It’s wider than it is longer at just 25” x 30”. Train sheds were comparatively shorter as you will know, Steph, in the early days of the railway so that’s my excuse. It’s wide due to the presence of a small turntable at the terminus end of the station as per many early stations, which not only turned the locos but allowed them to run round their stock along an adjacent release road.

    It will be a 4mm scale model, although the gauge is still under review.

    I’ve built ( but yet to wire up neatly and dress) the sector table to go beneath it which I’ve built to P4.

    The problem is, I don’t have sufficient time, resources or skill set at present to build the stock to complement it as I would like. Even if I successfully managed to solder one of those wonderful brass kits without ending up in the serious burns unit of Whiston Hospital, I doubt I’d get it to run properly. Thus far, I have one loco - a Bachman Pannier with Ultrascale conversion wheels, on top of which I was thinking of plonking an SE Finecast 1850 Saddle Tank loco. Not a lot to go on I’m sure you’ll agree.

    In reality, I will probably just opt for Peco and build it to OO gauge, although I’m not sure whether to set it in the depressive thirties or towards the end of steam period.

    The only certainty is the track plan, which was at the end of a small single lined branch, which handicapped small termini that in reality, should have been mainline termini serving cities.

    I’ll try and post a picture of the sector table for your info. Apologies to those who’ve seen it before.



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    Last edited: 16 April 2018 at 17:22
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  4. Steph Dale

    Steph Dale Western Thunderer


    Thanks for the details; that's certainly an impressive thing! I look forward to seeing how it progresses. :thumbs:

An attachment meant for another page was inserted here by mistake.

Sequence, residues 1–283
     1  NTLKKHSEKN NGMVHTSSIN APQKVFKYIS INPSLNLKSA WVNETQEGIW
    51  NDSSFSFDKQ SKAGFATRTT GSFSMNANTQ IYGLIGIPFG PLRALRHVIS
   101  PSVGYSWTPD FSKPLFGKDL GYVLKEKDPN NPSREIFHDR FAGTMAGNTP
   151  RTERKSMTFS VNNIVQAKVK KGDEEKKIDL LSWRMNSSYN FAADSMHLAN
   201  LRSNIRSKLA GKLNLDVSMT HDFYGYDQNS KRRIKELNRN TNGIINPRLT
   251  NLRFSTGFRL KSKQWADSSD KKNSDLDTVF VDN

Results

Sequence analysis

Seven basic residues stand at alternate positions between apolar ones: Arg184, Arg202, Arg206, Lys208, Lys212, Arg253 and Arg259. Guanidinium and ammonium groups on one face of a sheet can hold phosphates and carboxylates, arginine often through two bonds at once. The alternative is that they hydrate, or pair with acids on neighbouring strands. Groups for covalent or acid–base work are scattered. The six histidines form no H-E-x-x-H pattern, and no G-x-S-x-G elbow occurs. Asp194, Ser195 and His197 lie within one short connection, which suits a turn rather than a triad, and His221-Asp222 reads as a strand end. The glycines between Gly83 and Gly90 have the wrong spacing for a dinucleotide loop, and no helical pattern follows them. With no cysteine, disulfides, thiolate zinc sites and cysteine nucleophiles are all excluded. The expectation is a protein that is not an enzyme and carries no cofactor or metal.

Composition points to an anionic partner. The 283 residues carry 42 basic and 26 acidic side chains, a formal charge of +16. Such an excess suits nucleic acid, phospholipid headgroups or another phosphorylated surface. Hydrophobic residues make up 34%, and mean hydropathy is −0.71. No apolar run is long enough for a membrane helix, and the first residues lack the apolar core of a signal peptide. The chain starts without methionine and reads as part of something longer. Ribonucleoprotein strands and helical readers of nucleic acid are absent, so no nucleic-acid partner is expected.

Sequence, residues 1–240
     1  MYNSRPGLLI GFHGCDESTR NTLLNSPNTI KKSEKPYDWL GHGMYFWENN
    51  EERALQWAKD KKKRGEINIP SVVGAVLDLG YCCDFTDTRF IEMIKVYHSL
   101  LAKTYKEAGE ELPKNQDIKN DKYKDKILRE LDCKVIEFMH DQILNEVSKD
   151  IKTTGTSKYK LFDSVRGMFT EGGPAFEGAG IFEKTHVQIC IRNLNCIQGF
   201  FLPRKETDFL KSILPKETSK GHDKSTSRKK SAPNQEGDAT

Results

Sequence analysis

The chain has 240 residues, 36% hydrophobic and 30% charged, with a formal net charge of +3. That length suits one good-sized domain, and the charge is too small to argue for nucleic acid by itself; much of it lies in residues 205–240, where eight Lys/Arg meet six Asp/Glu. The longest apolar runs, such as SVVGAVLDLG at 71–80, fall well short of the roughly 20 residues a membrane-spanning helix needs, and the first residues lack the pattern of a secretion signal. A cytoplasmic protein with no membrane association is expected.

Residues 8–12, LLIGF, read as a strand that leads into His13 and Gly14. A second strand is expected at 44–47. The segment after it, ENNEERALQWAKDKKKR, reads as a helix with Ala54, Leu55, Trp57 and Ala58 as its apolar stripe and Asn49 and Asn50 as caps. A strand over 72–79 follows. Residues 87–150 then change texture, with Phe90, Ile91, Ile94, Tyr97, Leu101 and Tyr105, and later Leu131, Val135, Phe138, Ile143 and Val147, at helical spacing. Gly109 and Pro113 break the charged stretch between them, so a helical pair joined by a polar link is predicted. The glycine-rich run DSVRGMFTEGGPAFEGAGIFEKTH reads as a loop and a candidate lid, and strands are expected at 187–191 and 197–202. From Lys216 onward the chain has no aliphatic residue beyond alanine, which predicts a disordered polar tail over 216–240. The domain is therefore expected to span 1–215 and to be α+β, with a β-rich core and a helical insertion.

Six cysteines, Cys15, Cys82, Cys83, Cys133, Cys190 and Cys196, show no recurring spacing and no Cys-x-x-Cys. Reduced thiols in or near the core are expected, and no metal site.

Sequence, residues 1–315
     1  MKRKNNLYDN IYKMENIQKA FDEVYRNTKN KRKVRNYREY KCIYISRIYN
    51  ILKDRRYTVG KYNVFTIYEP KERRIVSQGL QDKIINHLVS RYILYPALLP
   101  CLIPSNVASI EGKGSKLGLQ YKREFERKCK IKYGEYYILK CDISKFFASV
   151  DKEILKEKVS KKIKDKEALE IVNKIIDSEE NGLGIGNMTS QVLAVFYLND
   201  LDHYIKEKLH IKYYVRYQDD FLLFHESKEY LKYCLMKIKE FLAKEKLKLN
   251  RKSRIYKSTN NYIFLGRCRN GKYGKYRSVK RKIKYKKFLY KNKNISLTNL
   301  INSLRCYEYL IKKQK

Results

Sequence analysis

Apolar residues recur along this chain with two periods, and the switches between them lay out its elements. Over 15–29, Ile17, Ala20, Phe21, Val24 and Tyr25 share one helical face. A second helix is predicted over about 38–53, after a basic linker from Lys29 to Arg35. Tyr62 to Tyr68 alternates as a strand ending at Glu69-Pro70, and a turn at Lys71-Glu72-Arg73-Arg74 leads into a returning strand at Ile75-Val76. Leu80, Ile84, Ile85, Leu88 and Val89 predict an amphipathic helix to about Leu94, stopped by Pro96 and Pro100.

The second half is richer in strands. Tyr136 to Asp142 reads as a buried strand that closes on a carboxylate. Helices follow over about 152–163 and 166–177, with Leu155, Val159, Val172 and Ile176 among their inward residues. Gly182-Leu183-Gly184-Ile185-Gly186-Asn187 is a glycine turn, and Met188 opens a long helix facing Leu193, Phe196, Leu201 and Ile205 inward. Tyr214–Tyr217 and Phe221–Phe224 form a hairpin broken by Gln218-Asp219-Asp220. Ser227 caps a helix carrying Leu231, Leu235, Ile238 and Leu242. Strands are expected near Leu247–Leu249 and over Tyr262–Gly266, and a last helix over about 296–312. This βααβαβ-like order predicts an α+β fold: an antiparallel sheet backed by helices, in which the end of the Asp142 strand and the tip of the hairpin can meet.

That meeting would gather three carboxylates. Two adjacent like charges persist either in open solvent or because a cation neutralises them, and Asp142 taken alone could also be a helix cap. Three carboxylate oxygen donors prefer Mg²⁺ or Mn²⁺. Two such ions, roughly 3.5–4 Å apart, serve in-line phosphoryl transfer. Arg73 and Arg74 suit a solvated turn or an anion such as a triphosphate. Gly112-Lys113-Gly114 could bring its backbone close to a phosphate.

jonte likes this.
  5. jonte

    jonte Western Thunderer

    I’ve attached a couple of photos to show the roof covering laid on top of the shed prior to painting.

    The first is pretty obvious, apart from to show how the rooves will not meet at their apexes.


    The earliest trainsheds seemed not to enjoy the luxuries of north lights or louvred vents, which must have made them pretty dark and acrid affairs. In Cheapsides case, the maintenance men were simply instructed to get up there and open it up to the elements at the least expense, which created a somewhat agricultural affair.

    The second shows the pattern of shadows and penetrating shafts of light created by these impromptu holes in the roof.


    This was the effect I sought to enhance that feeling of dark, dank and careworn urban stations of the time. I hope it serves to show you what I mean.

    Additionally, I hope this remains once the station buildings and stanchions are in place. Time will tell.

    Last edited: 17 April 2018 at 13:19
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  6. jonte

    jonte Western Thunderer


    I forgot to post this shot the other day which shows the roof as a whole.


    It should help to give you a better idea of the size.

    Apologies for posting basically the same pictures.